‘Flower Power’ actually worked for Nick Sirianni and the Eagles. Who knew? | Marcus Hayes
Watered and fertilized, the Birds balled out at practice, then dominated Detroit. We all had a good laugh at the coach’s metaphors, but the last laugh was on us.
Sirianni said last Wednesday he used a picture of a flower in a team meeting to represent the foundation of the culture he wants to nurture in his first year as head coach. He said he stressed watering and, hilariously, fertilizing — which, given the young coach’s tendency to spread it on thick, lent itself to endless odious metaphors.
After all, football and flowers don’t exactly go together.
Or do they?
The Philadelphia Petunias devoured the Detroit Lions on Sunday after the best series of practices the Eagles have had in Sirianni’s eight pregame weeks.
Everyone mocked Sirianni, from media outlets like The Inquirer to former top players, such as Tra Thomas, who was inducted into Eagles’ Hall of Fame last month.
The current players heard the noise, too. Yes, they got the joke. After the game, Jason Kelce, the team’s unquestioned leader and spokesman, gathered the fellas in the usual breakdown locker room huddle, all hands aloft, and said:
“Keep them roots growing, baby! Roots on 3! 1-2-3 ROOTS!”
Even then, several players laughed. So what.
The message was sound, even if the imagery was a little bit soft. And it worked.
Sirianni addressed the team from a place of weakness last week. Fletcher Cox, the team’s best player, aired a very public complaint about new defensive coordinator Jonathan Gannon after a Game 7 loss in Las Vegas dropped the Birds to 2-5 — a complaint that bordered on insubordination.
It was, clearly, effective. Sirianni echoed Cox’s complaints, and Gannon was more aggressive in Detroit.
His players played harder, too.
“It started on Wednesday,” said Dallas Goedert, whose seven catches and 72 yards were season highs. “Coach Sirianni had a great team meeting.”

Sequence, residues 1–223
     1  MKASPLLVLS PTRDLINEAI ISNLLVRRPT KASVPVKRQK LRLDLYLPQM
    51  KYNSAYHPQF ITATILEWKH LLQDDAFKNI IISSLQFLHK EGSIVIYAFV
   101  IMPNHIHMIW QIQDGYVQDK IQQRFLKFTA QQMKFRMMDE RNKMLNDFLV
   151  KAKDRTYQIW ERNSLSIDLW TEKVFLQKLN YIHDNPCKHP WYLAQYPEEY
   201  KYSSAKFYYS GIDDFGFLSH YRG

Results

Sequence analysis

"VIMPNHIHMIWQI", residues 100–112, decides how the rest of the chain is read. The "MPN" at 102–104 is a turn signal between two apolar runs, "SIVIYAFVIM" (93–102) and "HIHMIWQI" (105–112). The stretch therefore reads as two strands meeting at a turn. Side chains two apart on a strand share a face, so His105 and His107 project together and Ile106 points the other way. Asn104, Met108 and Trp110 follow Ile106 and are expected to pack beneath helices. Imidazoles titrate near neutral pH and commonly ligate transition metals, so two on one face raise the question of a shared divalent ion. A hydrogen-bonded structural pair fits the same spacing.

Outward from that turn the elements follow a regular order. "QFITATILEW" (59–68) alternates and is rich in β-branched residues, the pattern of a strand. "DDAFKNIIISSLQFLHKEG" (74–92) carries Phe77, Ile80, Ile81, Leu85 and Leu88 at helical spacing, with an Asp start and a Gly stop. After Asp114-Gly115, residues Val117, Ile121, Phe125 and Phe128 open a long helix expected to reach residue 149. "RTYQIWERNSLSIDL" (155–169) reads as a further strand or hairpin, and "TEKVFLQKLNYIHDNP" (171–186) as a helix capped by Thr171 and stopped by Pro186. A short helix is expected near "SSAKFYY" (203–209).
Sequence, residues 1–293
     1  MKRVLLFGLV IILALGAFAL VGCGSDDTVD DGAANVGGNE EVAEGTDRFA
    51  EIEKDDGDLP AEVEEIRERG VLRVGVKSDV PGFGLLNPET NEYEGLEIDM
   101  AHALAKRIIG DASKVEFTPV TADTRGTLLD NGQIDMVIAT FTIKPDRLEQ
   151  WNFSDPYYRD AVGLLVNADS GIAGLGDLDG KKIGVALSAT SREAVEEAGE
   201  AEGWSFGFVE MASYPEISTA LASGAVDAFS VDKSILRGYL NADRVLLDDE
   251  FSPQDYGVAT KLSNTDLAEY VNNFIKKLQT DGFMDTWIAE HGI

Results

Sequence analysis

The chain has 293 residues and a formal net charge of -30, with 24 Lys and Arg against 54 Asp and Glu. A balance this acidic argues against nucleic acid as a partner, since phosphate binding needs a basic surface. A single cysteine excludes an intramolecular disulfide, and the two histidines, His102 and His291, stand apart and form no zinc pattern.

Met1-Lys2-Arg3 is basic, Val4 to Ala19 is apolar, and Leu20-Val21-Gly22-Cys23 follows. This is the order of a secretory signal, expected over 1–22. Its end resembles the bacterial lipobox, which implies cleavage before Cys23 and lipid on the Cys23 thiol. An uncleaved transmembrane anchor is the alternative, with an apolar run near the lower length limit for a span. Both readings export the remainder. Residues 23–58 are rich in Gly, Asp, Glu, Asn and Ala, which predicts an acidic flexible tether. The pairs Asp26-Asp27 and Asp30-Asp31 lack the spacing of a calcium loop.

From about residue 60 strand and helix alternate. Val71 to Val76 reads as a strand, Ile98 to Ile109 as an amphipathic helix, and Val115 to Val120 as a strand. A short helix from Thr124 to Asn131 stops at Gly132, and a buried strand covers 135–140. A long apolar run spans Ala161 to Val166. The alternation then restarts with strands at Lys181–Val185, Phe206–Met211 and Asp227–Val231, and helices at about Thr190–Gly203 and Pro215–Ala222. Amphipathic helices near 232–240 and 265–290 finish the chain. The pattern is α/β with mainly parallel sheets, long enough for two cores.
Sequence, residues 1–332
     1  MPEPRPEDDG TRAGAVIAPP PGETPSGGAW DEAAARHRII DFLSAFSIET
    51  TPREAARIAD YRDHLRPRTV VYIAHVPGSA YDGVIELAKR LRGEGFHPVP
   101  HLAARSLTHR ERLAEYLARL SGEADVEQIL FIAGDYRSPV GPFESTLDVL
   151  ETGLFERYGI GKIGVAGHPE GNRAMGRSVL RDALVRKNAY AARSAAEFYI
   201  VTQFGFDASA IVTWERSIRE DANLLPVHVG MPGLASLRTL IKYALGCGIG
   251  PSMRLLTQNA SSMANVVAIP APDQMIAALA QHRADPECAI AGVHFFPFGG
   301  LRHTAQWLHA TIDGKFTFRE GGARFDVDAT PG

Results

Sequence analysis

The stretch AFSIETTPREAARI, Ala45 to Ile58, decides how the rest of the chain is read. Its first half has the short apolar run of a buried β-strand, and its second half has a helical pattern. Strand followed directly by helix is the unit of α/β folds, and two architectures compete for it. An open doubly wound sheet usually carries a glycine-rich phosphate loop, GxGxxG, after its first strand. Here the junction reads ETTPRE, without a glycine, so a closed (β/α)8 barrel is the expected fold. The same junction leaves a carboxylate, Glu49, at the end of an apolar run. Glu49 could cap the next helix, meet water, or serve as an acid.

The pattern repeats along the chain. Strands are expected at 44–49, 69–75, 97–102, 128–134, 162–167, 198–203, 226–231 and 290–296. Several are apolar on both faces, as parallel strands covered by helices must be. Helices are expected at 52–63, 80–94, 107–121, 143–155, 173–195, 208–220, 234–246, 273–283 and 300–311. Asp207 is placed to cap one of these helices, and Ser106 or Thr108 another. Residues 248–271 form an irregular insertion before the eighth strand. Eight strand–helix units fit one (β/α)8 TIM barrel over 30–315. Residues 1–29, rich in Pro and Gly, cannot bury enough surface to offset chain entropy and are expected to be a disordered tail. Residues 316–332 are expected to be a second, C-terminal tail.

“We had some of our best three practices of the year,” Goedert said. “We were flying around on Wednesday. Thursday, same thing. Then you get more into the situational — everybody was locked in, paying attention to the details.”
Maybe botanical imagery brought out the best in veterans like safety Rodney McLeod and Cox, both of whom struggled to impact the first seven games.
“Everyone had a fire about them,” said linebacker T.J. Edwards. “The leaders — Rodney, Fletch — were getting things going.”
Maybe it was simpler. Maybe, simply, Sirianni finally ran the ball, Gannon finally blitzed, and the winless Lions, with wacky first-year coach Dan Campbell and flameout former No. 1 overall pick Jared Goff, just stink.
Maybe too much is being made, now, of the Broad Street Begonias.
Then again, none of the seven other teams that beat the Lions sacked Goff as many times as the Eagles, who got five. None scored 44 points, held them to as few as six points, or won by as many as 38; as a matter of fact, the Lions played the Ravens and Vikings to 19-17 scores.
Even against the worst team in the league, this was, by any measure, a statement game. Besides, imagine how deep in fertilizer Sirianni would have been if the Eagles had lost.
Before Kelce’s tongue-in-cheek rallying cry, Sirianni addressed the team, too. He might have strained his rotator cuff from slapping himself on the back:
“This week’s practice was so sharp! This week’s practice had so much intensity! This week’s walk-through and meetings had so much detail!”
That sounded rehearsed. Kelce’s address sounded a bit contrived, too. Big deal.
If it takes chrysanthemum comparisons to motivate this misused and undermanned roster, so be it.
And, good for Nick the Quick.
We all had a good laugh at him, but the last laugh was on us.